(Always bringing his cock out at the most inappropriate moments.)
Here’s how badly Roy Jones Jr. wants to fight UFC middleweight champ Anderson Silva: he’s willing to do it as an MMA bout, where his chances of losing are very, very good. This, according to a new CBS Sports article in which UFC president Dana White admits that Jones has offered to fight Silva in the UFC Octagon under MMA rules, but White flatly refused:
"I could do it, make it huge, make money, but I could have done a fight like this when we were bleeding money [in the early 2000s]," White said. "The fight would make some money, but it hurts MMA in the long term. We don’t do that because we love the sport. That’s a Pride or K-1 matchup. It’s not what we do."
Honorable, right? The UFC could make a ton of money on a Jones/Silva bout (regardless of what you think of Jones’ current appeal as a boxing pay-per-view draw, the sheer novelty of this fight alone would guarantee a better buy-rate than any other Anderson Silva bout in recent memory), but say they’re opting not to because it would be bad for the sport. But how, exactly, does this hurt MMA as a whole?
The UFC’s objection is fairly obvious. Jones isn’t interested in becoming an MMA fighter, as Brock Lesnar was. He’s interested in this one fight. He wants a one-off deal, and he probably wants a ridiculous amount of money for that one fight. If the UFC were to give it to him they’d have a hard time explaining why they won’t give the same deal to Fedor Emelianenko. Plus, there’s always the chance that Silva might try and prove his boxing skills, forgoing the ground game altogether, and end up getting himself knocked out by RJJ, thus diminishing his value as the UFC middleweight champion.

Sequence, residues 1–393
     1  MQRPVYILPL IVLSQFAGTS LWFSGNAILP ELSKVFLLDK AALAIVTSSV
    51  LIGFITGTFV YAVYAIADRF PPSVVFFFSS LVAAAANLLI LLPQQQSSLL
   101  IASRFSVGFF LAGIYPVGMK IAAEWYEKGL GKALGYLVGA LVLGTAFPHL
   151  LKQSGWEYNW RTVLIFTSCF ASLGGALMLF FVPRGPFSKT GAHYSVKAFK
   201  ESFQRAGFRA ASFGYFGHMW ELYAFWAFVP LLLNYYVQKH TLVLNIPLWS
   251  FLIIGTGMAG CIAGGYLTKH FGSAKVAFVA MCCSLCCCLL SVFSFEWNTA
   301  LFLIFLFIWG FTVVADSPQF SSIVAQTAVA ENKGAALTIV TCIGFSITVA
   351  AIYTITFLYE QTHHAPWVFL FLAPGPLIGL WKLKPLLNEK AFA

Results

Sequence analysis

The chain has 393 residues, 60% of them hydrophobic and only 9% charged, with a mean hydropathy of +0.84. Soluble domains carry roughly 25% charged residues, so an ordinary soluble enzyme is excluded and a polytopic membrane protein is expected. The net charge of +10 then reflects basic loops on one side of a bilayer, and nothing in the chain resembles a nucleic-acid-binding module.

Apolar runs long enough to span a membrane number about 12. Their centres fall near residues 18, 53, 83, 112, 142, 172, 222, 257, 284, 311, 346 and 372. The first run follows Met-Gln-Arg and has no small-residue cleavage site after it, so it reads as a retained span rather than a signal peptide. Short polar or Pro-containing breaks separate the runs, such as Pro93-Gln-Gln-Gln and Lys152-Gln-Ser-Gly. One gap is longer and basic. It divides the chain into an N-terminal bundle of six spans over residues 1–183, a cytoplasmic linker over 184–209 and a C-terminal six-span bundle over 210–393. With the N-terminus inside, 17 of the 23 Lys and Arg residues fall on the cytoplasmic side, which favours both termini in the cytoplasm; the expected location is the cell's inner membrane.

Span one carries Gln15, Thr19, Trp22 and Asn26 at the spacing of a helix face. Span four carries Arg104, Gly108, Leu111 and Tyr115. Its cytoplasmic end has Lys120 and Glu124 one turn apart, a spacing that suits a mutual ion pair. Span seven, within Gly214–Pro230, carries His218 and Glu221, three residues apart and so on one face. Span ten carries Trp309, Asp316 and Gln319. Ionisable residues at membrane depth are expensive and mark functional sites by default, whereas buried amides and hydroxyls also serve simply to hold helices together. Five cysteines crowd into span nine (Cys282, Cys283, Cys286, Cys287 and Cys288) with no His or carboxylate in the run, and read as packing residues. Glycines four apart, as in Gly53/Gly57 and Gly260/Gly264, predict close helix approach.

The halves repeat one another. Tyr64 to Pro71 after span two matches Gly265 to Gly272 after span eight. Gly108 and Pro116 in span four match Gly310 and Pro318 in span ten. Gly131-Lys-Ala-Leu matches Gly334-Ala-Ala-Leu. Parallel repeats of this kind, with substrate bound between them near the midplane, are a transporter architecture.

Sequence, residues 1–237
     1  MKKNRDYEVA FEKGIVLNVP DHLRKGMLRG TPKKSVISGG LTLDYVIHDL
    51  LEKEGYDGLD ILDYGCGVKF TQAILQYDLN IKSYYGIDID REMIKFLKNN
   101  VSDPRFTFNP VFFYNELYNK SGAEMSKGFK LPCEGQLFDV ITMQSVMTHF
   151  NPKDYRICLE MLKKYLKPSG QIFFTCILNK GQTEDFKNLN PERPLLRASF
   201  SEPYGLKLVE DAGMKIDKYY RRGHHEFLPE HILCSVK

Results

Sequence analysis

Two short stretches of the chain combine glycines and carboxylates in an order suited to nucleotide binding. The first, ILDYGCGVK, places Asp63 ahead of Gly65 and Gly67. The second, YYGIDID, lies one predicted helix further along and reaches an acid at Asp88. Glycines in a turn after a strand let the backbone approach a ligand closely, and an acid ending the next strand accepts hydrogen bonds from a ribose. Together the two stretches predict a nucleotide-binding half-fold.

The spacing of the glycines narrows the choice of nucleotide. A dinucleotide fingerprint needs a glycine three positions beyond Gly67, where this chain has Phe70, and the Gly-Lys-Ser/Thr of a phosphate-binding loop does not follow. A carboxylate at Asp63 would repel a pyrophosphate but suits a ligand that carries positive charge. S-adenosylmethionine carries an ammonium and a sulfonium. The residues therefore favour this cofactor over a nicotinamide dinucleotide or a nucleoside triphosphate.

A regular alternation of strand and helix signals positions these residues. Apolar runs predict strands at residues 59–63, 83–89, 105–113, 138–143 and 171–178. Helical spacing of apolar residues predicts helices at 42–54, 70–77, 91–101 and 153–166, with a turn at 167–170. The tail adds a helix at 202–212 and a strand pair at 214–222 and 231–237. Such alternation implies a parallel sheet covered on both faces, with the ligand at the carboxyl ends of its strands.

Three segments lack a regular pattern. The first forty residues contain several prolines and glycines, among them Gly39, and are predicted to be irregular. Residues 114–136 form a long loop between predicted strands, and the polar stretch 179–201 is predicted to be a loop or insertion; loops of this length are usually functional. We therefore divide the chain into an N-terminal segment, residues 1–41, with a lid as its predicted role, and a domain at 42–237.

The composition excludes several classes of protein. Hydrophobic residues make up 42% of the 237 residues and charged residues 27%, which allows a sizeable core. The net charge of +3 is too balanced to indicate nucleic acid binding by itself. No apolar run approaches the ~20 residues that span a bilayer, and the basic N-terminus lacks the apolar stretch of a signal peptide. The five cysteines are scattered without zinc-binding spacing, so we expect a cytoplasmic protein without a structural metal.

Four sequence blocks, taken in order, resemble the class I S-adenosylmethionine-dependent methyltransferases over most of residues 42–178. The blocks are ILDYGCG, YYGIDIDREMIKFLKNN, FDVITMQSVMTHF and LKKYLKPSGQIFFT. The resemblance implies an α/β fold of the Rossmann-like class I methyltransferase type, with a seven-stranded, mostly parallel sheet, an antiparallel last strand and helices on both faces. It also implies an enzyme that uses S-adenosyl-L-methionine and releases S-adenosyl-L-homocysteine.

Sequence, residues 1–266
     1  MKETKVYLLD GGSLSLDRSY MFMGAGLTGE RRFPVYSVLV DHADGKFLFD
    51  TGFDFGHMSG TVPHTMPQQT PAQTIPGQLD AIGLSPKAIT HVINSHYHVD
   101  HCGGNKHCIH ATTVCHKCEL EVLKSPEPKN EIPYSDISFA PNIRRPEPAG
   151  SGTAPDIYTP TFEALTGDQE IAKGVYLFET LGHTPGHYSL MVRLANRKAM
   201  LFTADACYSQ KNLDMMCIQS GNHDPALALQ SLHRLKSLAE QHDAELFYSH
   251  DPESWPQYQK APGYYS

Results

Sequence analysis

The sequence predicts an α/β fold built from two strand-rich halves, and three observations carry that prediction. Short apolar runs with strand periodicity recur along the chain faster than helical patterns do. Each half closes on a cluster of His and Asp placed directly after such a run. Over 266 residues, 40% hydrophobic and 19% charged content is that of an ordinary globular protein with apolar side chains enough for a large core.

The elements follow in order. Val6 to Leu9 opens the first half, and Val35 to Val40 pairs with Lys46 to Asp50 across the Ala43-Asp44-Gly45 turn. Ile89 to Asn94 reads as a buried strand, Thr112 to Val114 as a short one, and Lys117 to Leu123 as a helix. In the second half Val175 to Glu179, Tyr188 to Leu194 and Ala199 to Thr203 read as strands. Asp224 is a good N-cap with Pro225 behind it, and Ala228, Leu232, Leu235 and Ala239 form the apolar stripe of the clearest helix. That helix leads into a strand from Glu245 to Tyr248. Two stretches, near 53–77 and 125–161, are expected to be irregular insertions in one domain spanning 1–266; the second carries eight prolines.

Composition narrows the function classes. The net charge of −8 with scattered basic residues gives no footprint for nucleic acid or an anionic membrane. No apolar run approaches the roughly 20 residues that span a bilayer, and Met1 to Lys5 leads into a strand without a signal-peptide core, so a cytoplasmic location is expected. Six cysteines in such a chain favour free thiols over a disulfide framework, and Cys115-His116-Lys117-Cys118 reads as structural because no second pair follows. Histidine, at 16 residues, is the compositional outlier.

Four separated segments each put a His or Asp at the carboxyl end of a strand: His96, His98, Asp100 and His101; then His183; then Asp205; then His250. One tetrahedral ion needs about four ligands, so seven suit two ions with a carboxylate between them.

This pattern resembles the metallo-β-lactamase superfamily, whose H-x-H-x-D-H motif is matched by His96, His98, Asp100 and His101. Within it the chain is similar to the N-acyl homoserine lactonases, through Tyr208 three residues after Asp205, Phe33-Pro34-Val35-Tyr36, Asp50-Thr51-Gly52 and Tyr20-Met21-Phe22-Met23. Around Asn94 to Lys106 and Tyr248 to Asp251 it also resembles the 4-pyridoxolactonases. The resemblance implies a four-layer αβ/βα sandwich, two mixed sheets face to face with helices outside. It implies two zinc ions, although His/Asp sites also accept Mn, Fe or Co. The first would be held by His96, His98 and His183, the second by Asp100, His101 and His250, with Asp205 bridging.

But would a boxer vs. MMA fighter bout really do serious damage to the sport? Not really. It would be a curiosity, slightly more spectacle than sport, but that’s nothing new.
The UFC put Lesnar in the Octagon against a former heavyweight champ back when the big man had only one pro MMA fight. They put Sean Gannon in at UFC 55 based purely on his underground “victory” over Kimbo Slice. In other words, it wouldn’t be the first time the UFC capitalized on someone’s fame outside the sphere of MMA. If Jones agreed to get one MMA bout under his belt first, competing on a small show somewhere so he could enter the UFC with the same 1-0 record Lesnar and Gannon did, would that placate Dana White? Probably not, which should tell us something.
The reality is that a Jones/Silva bout doesn’t have enough of a benefit for the UFC to incur the costs and the risks associated with putting it on. It has nothing to do with integrity of the sport. Even if he’s getting on in years and isn’t the fighter he used to be, Jones is still a legend of the boxing world. There are still plenty of people who would like to see how he could do in an MMA bout. The answer, if Silva chose to use all his tools, would be terribly. There’s no way he could stay on his feet if Silva wanted to take him down, and no way he’d survive longer than a minute once on the mat.
But no matter how the fight turned out, a former boxing great against a current MMA great is still a legitimate enough match-up that MMA would emerge unscathed. If boxing could survive Ali vs. Inoki, MMA could survive this. It’s not a freak show. It isn’t Jose Canseco vs. Hong Man Choi. It’s a real (enough) fight that I’d frankly love to see. The UFC just doesn’t want to stick its neck out – financially and otherwise – in order to make it happen, and that’s fine. But let’s be honest, MMA has been through worse.